Turkey Transfers Khashoggi Murder Trial to Saudi Arabia

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ISTANBUL — A court in Turkey transferred the murder trial of the Saudi dissident journalist Jamal Khashoggi to Saudi Arabia on Thursday, a move almost certain to end the last case aimed at serving justice for a heinous crime that drew global outrage.

The chief of a panel of judges announced the decision in the courtroom, granting a request last week by the prosecutor to transfer the case because none of the 26 Saudi suspects on trial are in Turkish custody. Turkey’s justice minister had endorsed the prosecutor’s request.

The decision was a blow to human rights and press freedom advocates who had hoped the Turkish trial would bring some measure of justice or at least make public more evidence of how the crime took place and who was involved.

“Transferring the Khashoggi trial from Turkey to Saudi Arabia would end any possibility of justice for him, and would reinforce Saudi authorities’ apparent belief that they can get away with murder,” Michael Page, the deputy Middle East director at Human Rights Watch, said in a statement released a day before the court’s decision.

The decision coincided with efforts by President Recep Tayyip Erdogan of Turkey to improve his country’s relationship with Saudi Arabia. Last week, the Turkish foreign minister, Mevlut Cavusoglu, said in a televised interview that “concrete steps” were on the way to mend ties with the Arab world’s richest state.

The Turkish trial, which opened in 2020, was largely symbolic because Saudi Arabia had refused to extradite the suspects and Turkish law does not allow convictions of people who have not testified.

Mr. Khashoggi was a prominent journalist who fell out with his government and moved to the United States, where he wrote columns for The Washington Post that were critical of Saudi Crown Prince Mohammed bin Salman and his plans to remake the kingdom. Mr. Khashoggi was killed and dismembered by a Saudi hit squad inside the Saudi Consulate in Istanbul, where he had gone to get paperwork he needed to marry his Turkish fiancée, Hatice Cengiz.

His body has never been found.

Prince Mohammed has insisted he knew nothing of the murder plot in advance. However, the Central Intelligence Agency concluded that he had greenlighted the operation to kill or capture Mr. Khashoggi.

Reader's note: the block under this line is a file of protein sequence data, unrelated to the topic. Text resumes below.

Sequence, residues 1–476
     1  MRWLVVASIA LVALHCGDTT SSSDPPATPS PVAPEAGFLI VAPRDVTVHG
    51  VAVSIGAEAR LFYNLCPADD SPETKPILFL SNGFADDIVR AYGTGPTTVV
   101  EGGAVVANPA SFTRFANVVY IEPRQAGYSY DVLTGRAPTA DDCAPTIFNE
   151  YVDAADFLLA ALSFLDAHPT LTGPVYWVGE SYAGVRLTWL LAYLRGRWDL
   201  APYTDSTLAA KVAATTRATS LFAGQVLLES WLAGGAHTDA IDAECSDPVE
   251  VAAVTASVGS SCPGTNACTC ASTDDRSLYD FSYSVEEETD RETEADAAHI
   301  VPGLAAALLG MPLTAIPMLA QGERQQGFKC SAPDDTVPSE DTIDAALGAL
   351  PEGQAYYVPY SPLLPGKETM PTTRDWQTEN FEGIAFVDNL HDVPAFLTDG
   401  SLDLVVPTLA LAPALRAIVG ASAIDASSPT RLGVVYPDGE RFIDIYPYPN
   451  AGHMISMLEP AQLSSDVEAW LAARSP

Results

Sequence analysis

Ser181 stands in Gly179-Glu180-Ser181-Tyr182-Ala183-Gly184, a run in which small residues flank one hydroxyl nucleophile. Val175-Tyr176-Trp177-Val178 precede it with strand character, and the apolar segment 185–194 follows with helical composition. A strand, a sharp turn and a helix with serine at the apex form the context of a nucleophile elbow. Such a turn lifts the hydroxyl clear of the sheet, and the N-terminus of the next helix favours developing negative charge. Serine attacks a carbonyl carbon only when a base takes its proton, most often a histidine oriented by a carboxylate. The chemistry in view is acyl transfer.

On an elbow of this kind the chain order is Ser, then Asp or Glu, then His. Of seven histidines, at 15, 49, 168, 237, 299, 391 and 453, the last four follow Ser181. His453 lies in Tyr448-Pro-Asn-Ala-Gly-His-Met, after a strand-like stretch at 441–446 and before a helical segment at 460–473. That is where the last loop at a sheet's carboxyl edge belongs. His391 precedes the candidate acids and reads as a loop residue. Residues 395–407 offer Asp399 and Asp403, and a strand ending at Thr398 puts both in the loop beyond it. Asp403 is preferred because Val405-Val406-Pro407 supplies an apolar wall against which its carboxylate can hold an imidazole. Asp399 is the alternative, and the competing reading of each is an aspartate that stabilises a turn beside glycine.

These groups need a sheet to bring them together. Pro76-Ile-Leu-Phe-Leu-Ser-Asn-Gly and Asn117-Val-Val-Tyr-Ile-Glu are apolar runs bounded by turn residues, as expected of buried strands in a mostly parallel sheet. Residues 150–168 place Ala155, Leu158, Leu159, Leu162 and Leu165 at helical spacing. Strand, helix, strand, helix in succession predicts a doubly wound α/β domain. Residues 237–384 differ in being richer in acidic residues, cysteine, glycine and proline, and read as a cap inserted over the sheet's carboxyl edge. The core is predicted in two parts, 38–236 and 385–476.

The murder, and the Turks’ dribbling out of details to keep the case in the spotlight, exacerbated longstanding tensions between Turkey and Saudi Arabia over Turkey’s relationship with political Islamists in the Arab world and its support for the anti-government uprisings of the Arab Spring, which Saudi Arabia largely opposed.

Saudi Arabia imposed an unofficial boycott of Turkish goods, drastically reducing the flow of Turkish exports to Saudi Arabia, and Turkey has more recently suffered a dramatic financial crisis that has caused the value of its currency to plummet.

In 2019, Saudi Arabia sentenced five men to death and three to prison terms over Mr. Khashoggi’s killing. The next year, the death sentences were changed to prison terms after one of Mr. Khashoggi’s adult sons pardoned the killers.

That trial reinforced the Saudi narrative that Mr. Khashoggi’s death was the result of a rogue operation without the oversight of top officials. The Saudis have never named the men who were sentenced, and a United Nations expert dismissed the trial as “the antithesis of justice.”

In endorsing the case’s transfer to Saudi Arabia last week, Justice Minister Bekir Bozdag said in a statement that the trial would continue in Saudi Arabia and that Turkey would wait to see convictions and sentences before dropping its own case.

But it appeared unlikely that Saudi Arabia would hear the case, because Saudi officials have said they consider their trial the final word on the matter.

Safak Timur reported from Istanbul, and Ben Hubbard from Beirut, Lebanon.



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